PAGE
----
For the Underwoods, and for fans of “House of Cards,” the stakes have never been higher. The third season of the Netflix show pushes character drama to the forefront, while keeping the political intrigue that fans crave.
After spending two seasons building a political empire, President Frank Underwood must now maintain his precarious position. Although Underwood faces threats to his presidency at home and abroad, this season is less Machiavelli and more Shakespeare, as the main characters start fighting with each other as much or more than they fight their enemies.
Kevin Spacey continues to deliver a pitch perfect performance as Underwood. Spacey shows a broader range of emotions this season, including dropping three “f-bombs,” a sure sign that the pressure is affecting the normally composed Underwood. Even then, I expect each swear will give fans chills.
The loose ends left over from the end of the second season are still being pursued, although some are dropped rather abruptly. A platoon of secondary characters are introduced, some returning from previous seasons and some making their first appearances. Unfortunately, there isn’t enough time to go around, so many of these characters end up feeling underdeveloped. For example, Remy Danton, a series veteran mostly dithers around, complaining, without offering any solutions until he unceremoniously vanishes.
It’s good, then, that the characters who get the most screen time also do the best job. Claire Underwood, played by Robin Wright, does much more this season than she has in the past, but she adapts remarkably well. The fact that viewers don’t know Claire as well as they know her husband makes her interesting because her motivations are often a mystery. She’s looking to be more than just first lady, but is often forced to choose between her own self-interest and the interests of her husband.
The main villain of this season is Russian President Viktor Petrov. The similarities between real-life Russian President Vladimir Putin and Petrov are abundant, right down to their names. While he’s supposed to be Underwood’s foreign equivalent, he mostly comes off as a jerk who irrationally hates civil rights, world peace and Underwood specifically, going so far as to bomb his own soldiers in order to pull his forces out of a voluntary U.N. peacekeeping mission.
Overall, though, most of the scenes dealing with foreign policy remind me of some of my favorite parts of the Aaron Sorkin drama, “The West Wing,” if it were directed by David Fincher. Wedged between multiple factions who all want different things, Underwood is forced to make decisions with little information based on gut feelings and both he and the audience can only watch as they play out on the world stage.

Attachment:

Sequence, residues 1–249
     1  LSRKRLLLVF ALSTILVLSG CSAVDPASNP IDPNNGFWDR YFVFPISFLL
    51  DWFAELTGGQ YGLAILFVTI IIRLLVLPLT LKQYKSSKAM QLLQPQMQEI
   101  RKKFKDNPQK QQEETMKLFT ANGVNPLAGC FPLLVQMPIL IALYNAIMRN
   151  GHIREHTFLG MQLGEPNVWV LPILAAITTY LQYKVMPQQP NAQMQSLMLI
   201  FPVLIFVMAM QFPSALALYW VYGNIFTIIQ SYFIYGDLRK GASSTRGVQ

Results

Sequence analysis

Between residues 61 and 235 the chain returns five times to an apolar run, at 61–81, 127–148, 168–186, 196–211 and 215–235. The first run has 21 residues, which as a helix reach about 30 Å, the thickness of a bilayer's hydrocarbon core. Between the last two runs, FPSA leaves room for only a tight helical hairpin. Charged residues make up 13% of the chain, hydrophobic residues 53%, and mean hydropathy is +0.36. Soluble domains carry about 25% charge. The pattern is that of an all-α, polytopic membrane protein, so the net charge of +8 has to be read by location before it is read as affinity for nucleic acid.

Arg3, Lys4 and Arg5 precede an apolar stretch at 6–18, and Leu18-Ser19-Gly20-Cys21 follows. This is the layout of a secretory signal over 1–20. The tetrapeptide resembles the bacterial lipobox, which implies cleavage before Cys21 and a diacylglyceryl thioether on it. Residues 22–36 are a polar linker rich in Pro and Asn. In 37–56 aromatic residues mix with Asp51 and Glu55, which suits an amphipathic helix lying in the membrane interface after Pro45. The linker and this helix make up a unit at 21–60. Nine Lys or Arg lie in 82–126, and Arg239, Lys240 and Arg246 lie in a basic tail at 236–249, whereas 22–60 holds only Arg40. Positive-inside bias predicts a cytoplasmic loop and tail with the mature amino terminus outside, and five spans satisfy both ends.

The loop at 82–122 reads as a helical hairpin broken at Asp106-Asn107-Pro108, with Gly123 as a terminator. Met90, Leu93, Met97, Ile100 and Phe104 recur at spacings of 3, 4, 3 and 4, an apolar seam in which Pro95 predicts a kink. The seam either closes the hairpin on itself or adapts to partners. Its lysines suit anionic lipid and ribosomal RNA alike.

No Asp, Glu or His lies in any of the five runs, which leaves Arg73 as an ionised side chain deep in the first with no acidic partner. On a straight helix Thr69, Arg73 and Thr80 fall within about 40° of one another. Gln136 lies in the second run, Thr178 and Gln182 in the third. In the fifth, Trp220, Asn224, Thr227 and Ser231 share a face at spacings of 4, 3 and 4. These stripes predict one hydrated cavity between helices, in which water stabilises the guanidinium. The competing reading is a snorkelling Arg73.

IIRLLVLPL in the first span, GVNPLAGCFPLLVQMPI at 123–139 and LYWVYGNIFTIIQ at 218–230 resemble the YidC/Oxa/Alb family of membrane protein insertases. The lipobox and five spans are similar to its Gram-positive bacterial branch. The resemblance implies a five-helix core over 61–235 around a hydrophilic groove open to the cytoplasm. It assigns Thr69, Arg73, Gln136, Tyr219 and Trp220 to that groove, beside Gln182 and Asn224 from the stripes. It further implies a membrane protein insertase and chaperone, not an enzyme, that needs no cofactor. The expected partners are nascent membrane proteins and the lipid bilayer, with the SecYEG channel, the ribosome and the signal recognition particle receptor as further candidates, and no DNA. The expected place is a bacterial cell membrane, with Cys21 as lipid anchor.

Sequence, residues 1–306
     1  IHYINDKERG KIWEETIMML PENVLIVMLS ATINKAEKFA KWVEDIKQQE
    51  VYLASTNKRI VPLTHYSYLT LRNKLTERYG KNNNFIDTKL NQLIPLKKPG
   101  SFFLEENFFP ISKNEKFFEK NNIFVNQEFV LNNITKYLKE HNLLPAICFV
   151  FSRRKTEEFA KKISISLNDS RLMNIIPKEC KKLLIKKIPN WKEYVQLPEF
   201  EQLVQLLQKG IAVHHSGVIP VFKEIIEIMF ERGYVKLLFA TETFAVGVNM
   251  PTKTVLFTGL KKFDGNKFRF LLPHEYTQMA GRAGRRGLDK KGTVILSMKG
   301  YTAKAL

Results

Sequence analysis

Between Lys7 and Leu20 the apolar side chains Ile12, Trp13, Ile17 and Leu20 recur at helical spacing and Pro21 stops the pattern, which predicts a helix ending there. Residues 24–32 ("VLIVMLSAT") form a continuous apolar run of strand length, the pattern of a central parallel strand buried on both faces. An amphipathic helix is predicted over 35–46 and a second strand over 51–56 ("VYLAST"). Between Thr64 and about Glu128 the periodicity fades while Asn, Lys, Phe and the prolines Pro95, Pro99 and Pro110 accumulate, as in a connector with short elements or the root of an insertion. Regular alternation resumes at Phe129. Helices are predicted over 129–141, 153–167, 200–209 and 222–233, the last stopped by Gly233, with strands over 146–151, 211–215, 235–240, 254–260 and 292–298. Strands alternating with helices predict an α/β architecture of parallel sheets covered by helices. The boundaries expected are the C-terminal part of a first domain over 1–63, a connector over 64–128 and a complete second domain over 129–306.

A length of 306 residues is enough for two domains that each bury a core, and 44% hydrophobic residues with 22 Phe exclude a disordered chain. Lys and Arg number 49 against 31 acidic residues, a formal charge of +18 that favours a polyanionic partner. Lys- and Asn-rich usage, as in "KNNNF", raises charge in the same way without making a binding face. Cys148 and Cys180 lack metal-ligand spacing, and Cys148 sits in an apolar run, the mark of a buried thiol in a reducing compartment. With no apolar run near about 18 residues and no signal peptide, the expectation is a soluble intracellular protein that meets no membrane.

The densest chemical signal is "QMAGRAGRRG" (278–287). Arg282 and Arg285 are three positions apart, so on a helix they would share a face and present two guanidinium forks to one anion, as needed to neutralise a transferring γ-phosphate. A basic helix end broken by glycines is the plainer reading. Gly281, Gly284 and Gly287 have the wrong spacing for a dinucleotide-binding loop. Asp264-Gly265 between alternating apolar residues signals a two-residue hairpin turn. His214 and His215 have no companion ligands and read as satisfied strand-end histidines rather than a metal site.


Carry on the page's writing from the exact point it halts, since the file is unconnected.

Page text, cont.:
The writing of the show is mostly good, but there are a few scenes that make Underwood feel more like a frustrated thug than a political mastermind. In fact, the opening scene made me concerned for the rest of the season, and watching Underwood spit on a crucifix feels like an unnecessary reminder that Underwood is, well, evil.
Former Underwood chief of staff Doug Stamper, played by Michael Kelly, is the most surprising standout on the show. Believed dead after having his head bashed in at the end of season two, Stamper is recovering and seeking to reintegrate himself with the Underwoods, desperately trying to prove his worth. He’s the most competent character on the show, though his skills are tempered by the fact that no one is totally sure where his allegiances lie until the very end of the season.
Every scene with Stamper is significant, either to the plot or emotionally, because he’s a broken man who just keeps going through sheer force of will. His own inner strength is demonstrated early on when he breaks his arm falling out of the shower, but rather than call an ambulance, which would mean taking himself out of politics while he recovered, he takes a wooden spoon and fashions a makeshift splint. Kelly is stellar in every scene he’s in, even if Stamper’s arc ends without him changing much.
Despite its’ impurities, the third season of “House of Cards” is entertaining. Although it’s clear that the writers are struggling to fill content before the fourth, presumably concluding, season, there’s still a lot of good stuff to watch in this season. And when the fourth season is announced, I look forward to re-watching season three again.